iPods lure students back to college

6th January 2006 at 00:00
Lesley Richardson Funding chiefs this week defended a college's right to offer free iPods and laptop computers to unemployed youths who agree to study.

Teenagers under 19 who finish the Fresh Start course at Bournemouth and Poole College, in Dorset, can claim either a pound;300 laptop or 12 driving lessons worth pound;250. The six-month course, which has 50 places and starts this month, aims to get teenagers back into education.

Trish Taylor, executive director at the Learning and Skills Council Bournemouth, Poole and Dorset, said: "One of the biggest challenges facing the learning and skills sector is to find ways to engage with young people who are currently not involved in any kind of education, training or employment. The LSC encourages learning providers to look at innovative ways to encourage young people who lack direction to take part in education and training. This kind of work is crucial to help them improve future opportunities for employment."

Subjects on offer include floristry, construction skills, business admin and IT, retail and tourism, and art and design.

The incentives are paid for by the college's business funds while the LSC is funding the tuition.

Nick Seaton, chairman of the Campaign for Real Education, said: "It's giving the wrong message to young people. They shouldn't be bribed to go on courses which benefit them."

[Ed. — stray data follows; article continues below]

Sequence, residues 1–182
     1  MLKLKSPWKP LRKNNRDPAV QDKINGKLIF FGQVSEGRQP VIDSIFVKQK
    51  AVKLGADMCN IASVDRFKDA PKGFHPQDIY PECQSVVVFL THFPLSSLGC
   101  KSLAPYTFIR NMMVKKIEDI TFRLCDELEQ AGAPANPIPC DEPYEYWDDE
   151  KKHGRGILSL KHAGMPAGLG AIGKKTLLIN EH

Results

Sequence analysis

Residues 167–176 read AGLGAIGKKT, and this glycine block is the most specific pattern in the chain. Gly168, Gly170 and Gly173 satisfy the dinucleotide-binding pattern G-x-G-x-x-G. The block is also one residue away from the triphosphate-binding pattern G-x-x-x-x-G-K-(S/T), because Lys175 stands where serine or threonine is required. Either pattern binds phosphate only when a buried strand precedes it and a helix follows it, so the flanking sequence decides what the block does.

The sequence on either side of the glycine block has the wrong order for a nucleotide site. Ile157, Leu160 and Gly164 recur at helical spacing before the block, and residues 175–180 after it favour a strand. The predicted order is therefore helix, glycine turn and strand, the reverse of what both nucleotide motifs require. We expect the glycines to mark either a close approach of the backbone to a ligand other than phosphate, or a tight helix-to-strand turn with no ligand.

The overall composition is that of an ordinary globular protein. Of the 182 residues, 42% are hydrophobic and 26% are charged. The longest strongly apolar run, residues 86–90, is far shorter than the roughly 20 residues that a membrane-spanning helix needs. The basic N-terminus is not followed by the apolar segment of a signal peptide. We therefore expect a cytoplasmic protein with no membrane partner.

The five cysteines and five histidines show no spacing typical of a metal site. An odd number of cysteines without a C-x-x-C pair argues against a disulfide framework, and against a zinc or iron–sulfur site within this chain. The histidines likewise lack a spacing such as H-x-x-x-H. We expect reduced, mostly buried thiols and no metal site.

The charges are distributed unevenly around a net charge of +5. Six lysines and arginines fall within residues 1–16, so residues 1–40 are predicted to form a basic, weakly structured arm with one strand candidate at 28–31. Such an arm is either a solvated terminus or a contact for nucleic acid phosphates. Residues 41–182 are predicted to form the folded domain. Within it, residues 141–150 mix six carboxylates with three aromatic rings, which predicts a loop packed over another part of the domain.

Last summer the college was criticised for offering pound;170 iPods, personal digital music players, to students aged 16 to 18 who embarked on the 14-week Step Up For Summer course.

In addition, students received pound;50 a week for one day a week of work, pound;100 cash when they finished the course, a further pound;100 payment if they enrolled on a further full-time course at the college, free lunch vouchers and free travel if they lived more than three miles away.

A spokeswoman for the college said 58 teenagers enrolled on the summer course, with 41 completing and 37 continuing in education or starting work.

She added: "We have found the kids are very motivated. They enjoy coming back into the college setting and really do see it as a fresh start."

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